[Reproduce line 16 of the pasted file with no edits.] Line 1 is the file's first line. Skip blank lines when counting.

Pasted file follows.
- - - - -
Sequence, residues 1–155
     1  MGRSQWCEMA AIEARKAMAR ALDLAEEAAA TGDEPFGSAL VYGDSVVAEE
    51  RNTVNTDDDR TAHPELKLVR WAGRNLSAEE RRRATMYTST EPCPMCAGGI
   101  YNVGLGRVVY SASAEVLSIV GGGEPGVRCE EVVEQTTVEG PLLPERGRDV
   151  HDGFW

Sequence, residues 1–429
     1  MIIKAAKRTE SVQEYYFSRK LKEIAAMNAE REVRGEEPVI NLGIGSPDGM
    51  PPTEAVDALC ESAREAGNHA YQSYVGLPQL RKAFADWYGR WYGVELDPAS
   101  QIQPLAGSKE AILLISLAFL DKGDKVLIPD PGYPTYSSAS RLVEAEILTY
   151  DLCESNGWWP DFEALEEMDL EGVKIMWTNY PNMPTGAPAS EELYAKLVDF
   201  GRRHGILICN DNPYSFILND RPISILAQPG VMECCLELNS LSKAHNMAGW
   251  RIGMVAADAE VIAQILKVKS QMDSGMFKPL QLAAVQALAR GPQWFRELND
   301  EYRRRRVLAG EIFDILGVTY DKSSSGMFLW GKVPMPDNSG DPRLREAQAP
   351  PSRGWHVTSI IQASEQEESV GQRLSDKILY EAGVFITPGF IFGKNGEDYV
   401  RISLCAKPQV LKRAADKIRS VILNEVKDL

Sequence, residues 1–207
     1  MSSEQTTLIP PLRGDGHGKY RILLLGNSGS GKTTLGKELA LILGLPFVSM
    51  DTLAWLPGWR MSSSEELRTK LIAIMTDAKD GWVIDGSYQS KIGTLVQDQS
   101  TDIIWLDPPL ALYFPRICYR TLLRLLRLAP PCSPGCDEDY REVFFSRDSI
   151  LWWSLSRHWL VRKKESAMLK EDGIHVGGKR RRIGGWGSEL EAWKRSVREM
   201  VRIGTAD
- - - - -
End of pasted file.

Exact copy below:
Sequence, residues 1–207